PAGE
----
RESEARCHING NEW YORK:
November 14 & 15, 2013
The New York State Archives Partnership Trust
With additional support from:M.E. Grenander Special Collections &Archives,
UAlbany Judaic Studies Program
The College of Arts & SciencesThe Office for Research
University Auxiliary Services
The New York State Historical Association & The Farmer's Museum
The New York State Council for the Humanities
Conference Featured Events
Recent additions to the program include talks on aspects of African-American and Jewish religious experiences in New York. Details of talks by historians Clarence Taylor and Howard Rock as well as Robert Orsi,below. The complete conference program, available through the link above, includes more than 25 panels and featured events will examine a wide array of topics on New York State history, including many responding to the conference theme, Religion in New York, exploring how religion, religious practice, and expressions of spirituality infuse the history of New York State in myriad ways.
Registration information is available through the link above. Detailed information about lodging, navigating the campus, or the surrounding area, is available at Visiting the Campus. Conference registration and most sessions will be held in the Science Library, adjacent to the Campus Center.
Details of conference featured events below.
The Gods of Gotham: Religion and the Making of New York, 1800 to 1950
7:30 PM Thursday, November 14, 2013
New York City is generally thought of as the very epitome of American modernity and so it was—but it was also a rich landscape of religious practice, innovation, and conflict. Virtually every major development in American religious history had, if not its origins in New York, then its most public and extravagant expression. Religion did not just happen in New York City; it happened through the city, in the media of its streets, shadows, and stoops, and in exchanges among people of all the world's religions. New York has never been a secular city—or perhaps the religious history of New York demands a rethinking of what "secular" means. This lecture invites a rethinking of American urbanism as a profoundly religious reality. Sponsored by UAlbany’s Department of History, the NYS Archives Partnership Trust, and the NYS Writers Institute with support from the New York State HIstorical Association and The Farmer's Museum. Professor Orsi's talk, made possible with the support of The New York State Council for the Humanities, is free and open to the public.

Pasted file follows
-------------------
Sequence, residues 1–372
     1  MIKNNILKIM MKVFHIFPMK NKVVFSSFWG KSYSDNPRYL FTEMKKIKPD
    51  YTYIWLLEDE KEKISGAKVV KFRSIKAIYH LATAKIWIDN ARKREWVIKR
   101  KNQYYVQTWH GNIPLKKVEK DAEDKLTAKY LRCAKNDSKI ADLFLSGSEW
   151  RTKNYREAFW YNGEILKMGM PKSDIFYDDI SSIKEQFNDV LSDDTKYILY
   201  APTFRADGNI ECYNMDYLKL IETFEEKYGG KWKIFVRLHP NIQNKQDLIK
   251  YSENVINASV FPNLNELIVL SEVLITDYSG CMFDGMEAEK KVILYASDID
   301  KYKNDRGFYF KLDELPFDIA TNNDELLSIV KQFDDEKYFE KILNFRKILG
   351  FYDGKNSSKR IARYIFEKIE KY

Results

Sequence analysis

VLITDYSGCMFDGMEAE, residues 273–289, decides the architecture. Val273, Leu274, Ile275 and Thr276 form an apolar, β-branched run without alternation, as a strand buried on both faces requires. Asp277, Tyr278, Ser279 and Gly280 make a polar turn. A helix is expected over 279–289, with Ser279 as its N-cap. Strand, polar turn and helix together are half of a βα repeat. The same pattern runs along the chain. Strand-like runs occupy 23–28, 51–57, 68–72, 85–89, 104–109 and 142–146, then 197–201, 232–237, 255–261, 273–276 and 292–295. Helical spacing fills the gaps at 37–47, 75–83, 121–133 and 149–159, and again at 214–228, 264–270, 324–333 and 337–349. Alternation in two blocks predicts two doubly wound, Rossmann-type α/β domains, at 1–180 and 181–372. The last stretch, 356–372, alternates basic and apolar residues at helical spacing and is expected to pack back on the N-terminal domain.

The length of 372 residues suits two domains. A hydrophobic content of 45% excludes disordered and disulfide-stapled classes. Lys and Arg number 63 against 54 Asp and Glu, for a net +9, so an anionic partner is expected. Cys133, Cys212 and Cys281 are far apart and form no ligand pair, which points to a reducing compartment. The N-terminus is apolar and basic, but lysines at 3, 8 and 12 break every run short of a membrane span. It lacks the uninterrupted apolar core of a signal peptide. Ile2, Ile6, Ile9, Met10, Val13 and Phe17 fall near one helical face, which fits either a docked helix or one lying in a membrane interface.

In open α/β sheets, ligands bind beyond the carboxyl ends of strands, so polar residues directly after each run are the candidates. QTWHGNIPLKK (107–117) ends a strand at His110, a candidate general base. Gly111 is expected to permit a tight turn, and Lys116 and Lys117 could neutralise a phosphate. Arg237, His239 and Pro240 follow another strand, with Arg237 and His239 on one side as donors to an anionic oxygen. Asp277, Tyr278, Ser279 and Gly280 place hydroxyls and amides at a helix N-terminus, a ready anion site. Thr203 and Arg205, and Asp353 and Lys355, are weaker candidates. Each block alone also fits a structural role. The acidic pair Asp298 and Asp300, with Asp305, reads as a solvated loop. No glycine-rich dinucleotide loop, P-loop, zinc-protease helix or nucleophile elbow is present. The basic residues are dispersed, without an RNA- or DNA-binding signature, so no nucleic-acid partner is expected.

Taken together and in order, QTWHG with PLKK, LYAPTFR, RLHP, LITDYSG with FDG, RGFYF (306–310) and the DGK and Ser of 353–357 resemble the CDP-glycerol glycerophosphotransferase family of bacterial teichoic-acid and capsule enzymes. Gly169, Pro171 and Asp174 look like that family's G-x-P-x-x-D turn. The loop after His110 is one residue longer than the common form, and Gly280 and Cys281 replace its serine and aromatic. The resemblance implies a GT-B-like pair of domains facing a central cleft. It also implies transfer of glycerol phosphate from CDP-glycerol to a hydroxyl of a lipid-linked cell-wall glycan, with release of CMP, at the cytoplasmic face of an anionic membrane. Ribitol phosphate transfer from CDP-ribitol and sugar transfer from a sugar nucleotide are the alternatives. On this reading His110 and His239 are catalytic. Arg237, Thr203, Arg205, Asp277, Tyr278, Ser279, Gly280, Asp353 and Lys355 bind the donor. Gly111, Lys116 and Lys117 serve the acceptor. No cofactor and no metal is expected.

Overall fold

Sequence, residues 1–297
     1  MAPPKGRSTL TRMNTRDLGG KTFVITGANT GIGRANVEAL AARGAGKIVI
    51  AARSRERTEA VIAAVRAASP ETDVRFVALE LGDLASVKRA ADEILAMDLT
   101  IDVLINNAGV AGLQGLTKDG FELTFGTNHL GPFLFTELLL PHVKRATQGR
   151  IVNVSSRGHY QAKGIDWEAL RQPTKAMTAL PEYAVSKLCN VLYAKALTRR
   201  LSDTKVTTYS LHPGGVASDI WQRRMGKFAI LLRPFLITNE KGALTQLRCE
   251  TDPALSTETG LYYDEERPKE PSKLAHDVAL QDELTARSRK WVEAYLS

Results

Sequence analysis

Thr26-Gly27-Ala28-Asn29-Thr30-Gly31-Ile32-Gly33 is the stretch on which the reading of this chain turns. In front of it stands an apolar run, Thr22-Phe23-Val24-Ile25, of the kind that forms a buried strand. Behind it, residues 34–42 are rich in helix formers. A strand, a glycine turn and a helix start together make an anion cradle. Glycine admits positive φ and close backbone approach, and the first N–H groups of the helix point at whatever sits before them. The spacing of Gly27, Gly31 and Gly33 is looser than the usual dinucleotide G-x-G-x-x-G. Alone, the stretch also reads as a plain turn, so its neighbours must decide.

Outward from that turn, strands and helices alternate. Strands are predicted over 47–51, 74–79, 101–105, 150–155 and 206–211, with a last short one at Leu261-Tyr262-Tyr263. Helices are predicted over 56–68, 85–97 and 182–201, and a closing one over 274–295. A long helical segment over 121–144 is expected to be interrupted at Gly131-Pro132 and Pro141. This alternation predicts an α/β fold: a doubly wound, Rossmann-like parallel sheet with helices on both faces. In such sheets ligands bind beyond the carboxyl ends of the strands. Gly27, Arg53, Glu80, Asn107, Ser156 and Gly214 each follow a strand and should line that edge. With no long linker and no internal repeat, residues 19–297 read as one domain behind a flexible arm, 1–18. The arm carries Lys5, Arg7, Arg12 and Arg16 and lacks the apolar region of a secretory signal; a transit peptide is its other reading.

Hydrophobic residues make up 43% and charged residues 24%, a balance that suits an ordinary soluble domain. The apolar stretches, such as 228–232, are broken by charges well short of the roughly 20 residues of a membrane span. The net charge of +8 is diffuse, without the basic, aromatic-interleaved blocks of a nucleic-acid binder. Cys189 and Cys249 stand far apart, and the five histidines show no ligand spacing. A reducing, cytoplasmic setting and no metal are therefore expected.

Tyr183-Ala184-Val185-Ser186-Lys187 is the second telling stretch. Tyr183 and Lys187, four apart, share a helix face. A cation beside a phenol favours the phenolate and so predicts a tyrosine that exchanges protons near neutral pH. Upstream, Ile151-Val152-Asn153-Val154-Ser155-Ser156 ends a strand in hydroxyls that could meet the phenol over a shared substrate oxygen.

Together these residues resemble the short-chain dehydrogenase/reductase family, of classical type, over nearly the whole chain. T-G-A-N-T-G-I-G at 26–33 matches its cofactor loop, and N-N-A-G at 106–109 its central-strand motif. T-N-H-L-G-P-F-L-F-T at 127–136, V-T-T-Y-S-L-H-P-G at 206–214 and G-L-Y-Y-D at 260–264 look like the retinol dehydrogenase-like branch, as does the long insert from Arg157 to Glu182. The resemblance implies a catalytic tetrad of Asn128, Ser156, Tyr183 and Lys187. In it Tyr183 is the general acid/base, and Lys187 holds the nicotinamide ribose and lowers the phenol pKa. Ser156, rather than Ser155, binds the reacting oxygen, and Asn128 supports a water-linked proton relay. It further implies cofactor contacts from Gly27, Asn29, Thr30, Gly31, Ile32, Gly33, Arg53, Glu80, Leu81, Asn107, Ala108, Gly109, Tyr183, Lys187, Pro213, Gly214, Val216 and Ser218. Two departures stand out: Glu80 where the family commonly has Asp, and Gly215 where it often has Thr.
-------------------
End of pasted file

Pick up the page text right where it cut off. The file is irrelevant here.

Robert Orsi is Professor of Religion and the Grace Craddock Nagle Chair in Catholic Studies in the Department of Religious Studies at Northwestern University. His wide ranging writings and focus on social and cultural aspects of religion. Called “the reigning scholar of American Catholicism” by Publishers Weekly, Orsi is author of the landmark study, The Madonna of 115th Street: Faith and Community in Italian Harlem, 1880-1950 ( 25th Anniversary edition 2010), Between Heaven and Earth: The Religious Worlds People Make and the Scholars Who Study Them (Princeton, 2004) and numerous articles and book chapters. Recent works include The Cambridge Companion to Religious Studies (2012) and Catholics in the American Century: Recasting Narratives of U.S. History (Cornell University Press, 2012). Professor Orsi is currently at work on a collection of theoretical and methodological essays, tentatively titled Abundant History, and on a social and cultural history of 20th-century Catholic childhoods in the United States, to be published by Harvard University Press.
Northern African-American Religious Communities and the Civil Rights Struggle of the 20th Century
Lunch Keynote -Noon Friday, November 15th
While much has been written about the southern civil rights movement, lesser known is the pivotal role that religious figures played in civil rights campaigns in New York City and elsewhere in the North. Although left out of popular narratives of civil rights and Black Power, these ministerial figures and lay people were crucial in the fight to end racial repression and for equality.